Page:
By Ruth Eve

As a former science major, I could never figure out why I was one of only a handful of females studying Math and Physics. I assumed most of my female classmates were no good at Math or just had no interest. It was very noticeable in high school, even at lower grade levels, that the good Math students were all male. Later, as a Chemistry major at a university with a strong science and engineering bent, I was one of only 20 females out of a total student body of over 2000.

Yet many scientific studies have concluded that females possess the same abilities in Math and Science as males and it is the way females are raised that makes them turn away from studying engineering and the sciences. So, what’s going on here? This question has been debated and studied for years. Some studies say that girls are socialized to be more emotional and less logical than boys, and if they were given more “male oriented” toys they would be better able to develop the math and spatial abilities that boys seem to possess.  This was not so in my case. I had the usual dolls and “girl” toys. My favorite plaything, however, was the Erector Set owned by my boy cousin. I never did get one of my own. My favorite pastime was taking apart old clocks and radios – just to see how they worked, and at age 11 I built a go-cart made by cannibalizing an old baby stroller. None of this seemed unusual to me, and it was not until I was in college that I became aware of the lack of females studying engineering. In fact, out of the 20 females, there was only one studying pure engineering.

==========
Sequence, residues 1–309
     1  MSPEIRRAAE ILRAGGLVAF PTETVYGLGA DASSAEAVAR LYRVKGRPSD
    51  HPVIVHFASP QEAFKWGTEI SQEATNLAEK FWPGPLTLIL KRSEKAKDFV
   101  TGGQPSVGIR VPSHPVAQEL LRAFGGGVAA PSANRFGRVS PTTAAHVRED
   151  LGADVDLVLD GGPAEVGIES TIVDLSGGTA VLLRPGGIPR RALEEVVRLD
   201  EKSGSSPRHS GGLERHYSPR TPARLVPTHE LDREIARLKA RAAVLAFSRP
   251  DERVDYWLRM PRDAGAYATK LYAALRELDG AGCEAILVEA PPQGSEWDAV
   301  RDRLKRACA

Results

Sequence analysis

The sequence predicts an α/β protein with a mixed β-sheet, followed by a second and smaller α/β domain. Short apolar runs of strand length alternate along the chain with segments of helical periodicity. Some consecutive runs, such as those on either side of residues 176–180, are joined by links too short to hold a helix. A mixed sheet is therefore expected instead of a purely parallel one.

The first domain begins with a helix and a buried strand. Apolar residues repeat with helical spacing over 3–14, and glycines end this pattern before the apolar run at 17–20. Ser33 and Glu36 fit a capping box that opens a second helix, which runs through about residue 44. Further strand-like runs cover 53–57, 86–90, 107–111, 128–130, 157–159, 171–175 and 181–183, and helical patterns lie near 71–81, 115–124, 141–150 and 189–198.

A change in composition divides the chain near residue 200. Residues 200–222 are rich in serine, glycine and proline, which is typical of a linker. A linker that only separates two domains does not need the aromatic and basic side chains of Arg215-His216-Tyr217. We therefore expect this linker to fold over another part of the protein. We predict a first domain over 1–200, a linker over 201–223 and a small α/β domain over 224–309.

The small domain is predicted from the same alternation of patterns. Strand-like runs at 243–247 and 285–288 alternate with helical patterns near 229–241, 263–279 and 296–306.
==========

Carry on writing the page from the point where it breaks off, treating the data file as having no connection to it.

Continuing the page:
Other studies conclude that there is a physiological difference between the male and female brain, and after maturity that gap widens. These differences come about through evolutionary traits based on the different tasks performed by males and females in the distant past. A task such as hunting may have required greater spatial orientation than a typical female task.

Others, still, suggest it is the way in which Math tests are taken, and that males perform better in a competitive environment. Tests taken in a non-competitive environment would reveal less gender difference in Math ability.

I am still inclined to believe that there is something innate in the male brain that gives boys an advantage over girls in the Math and Science department. However, Lina Nilsson offers us an interesting observation in this article from The New York Times.

Ruth Eve is the Executive Vice President & a Partner at Kalix Communications

Image © Mark Hunt |